As far as the CDMA format, it runs circles around FDMA, TDMA and MFSK (D-Star) as it has the ability to detect signals further down into the noise, much like PSK-31 versus JT-65. All of these Digital technologies have been around for 50~60 years as I have a copy of the IEEE Radio Handbook and they are all described in that refertence book.

Dan
WA9WVX
Jan 20th, 16:28

KC6N

Joined: Jan 18th, 21:14
Total Topics: 0
Total Posts: 0
Yea those Yaesu $500 repeaters haven't proven too reliable around here anyway.

As for the compatibility with P25, The FSK tones for the three of the C4FM variants are (di-bit/CarrierOffset):

DMR: 01/+1944 kHz, 00/+648 kHz, 10/-648 kHz, 11/-1944 kHz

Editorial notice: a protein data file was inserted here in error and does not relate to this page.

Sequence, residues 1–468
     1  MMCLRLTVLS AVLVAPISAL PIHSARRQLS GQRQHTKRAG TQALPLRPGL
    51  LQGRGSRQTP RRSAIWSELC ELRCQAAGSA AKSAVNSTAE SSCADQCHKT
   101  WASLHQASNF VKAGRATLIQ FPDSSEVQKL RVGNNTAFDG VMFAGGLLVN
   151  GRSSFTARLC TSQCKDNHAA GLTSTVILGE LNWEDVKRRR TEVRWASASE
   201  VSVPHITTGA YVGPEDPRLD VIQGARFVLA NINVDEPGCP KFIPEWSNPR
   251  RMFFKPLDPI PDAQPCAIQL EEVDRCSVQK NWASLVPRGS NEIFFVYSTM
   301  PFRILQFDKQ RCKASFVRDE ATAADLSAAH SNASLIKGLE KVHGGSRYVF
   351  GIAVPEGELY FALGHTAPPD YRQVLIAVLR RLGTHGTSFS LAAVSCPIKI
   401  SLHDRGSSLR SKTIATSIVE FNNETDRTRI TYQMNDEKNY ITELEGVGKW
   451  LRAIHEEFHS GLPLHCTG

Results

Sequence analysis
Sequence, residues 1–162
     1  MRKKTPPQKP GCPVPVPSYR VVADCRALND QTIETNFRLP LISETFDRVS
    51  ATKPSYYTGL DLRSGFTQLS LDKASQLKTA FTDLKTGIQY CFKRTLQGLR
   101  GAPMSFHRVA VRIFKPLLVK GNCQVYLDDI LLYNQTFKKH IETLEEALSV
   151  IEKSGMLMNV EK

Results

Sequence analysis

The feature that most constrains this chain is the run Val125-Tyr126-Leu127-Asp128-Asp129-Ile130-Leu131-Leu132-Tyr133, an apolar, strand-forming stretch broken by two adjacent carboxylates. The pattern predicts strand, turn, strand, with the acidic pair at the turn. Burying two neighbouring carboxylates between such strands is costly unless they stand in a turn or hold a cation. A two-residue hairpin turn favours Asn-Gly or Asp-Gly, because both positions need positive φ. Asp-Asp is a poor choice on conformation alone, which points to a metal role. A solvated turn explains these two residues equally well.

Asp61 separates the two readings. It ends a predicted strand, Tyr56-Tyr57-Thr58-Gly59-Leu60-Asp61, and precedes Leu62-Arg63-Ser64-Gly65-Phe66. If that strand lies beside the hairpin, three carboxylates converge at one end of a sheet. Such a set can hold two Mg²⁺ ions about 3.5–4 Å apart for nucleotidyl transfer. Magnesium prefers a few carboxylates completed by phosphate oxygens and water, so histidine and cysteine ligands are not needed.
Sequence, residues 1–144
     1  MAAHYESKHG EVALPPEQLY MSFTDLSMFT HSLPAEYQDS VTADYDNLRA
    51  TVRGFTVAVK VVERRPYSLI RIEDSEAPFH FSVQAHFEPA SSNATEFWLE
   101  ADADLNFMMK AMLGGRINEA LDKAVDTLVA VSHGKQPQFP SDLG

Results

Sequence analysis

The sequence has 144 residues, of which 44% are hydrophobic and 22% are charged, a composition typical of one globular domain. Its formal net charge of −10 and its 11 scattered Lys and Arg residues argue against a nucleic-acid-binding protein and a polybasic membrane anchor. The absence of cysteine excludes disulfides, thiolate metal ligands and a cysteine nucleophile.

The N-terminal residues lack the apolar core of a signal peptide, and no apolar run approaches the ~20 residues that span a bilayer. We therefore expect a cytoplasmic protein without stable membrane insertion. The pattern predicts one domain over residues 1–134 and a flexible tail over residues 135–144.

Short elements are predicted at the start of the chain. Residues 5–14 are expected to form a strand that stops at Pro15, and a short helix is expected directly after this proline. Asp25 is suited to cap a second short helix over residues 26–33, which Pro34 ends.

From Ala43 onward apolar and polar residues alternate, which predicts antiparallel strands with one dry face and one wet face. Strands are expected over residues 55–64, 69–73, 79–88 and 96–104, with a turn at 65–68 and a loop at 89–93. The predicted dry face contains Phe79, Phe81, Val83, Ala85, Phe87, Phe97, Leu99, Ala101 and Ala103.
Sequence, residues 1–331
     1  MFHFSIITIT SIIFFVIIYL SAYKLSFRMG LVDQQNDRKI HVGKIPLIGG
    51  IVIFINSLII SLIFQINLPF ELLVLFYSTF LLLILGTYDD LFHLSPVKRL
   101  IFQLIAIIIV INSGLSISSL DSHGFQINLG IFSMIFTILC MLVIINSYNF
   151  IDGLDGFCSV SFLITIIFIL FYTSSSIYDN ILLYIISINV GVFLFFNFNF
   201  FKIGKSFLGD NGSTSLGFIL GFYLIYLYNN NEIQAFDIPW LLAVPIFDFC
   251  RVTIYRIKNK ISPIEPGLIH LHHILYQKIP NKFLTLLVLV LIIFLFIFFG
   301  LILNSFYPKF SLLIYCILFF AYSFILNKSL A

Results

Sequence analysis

P25: 01/+1800 kHz, 00/+600 kHz, 10/-600 kHz, 11/-1800 kHz
Fusion: 01/+2700 kHz, 00/+900 kHz, 10/-900 kHz, 11/-2700 kHz

You can see that the DMR and P25 are pretty narrow by comparison to Fusion. From a modulation perspective, DMR and Fusion are probably compatible, although the packet structure is completely different so they can't talk. Fusion has the same problem with packet structure but also the deviation is quite a bit higher. Although these are all essentially C4FM, the "FM" part is different for all of them (and dramatically different in the case of Yaesu Fusion). A P25 receiver confronted with a Fusion signal would probably consider it over-deviated, although depending on how the baseband processor is designed, it might be able to AGC it down -- but the packet structure is still different.

One thing that Yaesu got right is that they decided to use the call sign as the radio ID. Sadly, DMR didn't allow an alphanumeric field for the radio ID so we are stuck with those "phone numbers" and a contact list. It works fine but could have been nicer. Oh well, it wasn't designed with hams in mind.

I don't know much about DSTAR, never used it but I think it addresses some of these things as well.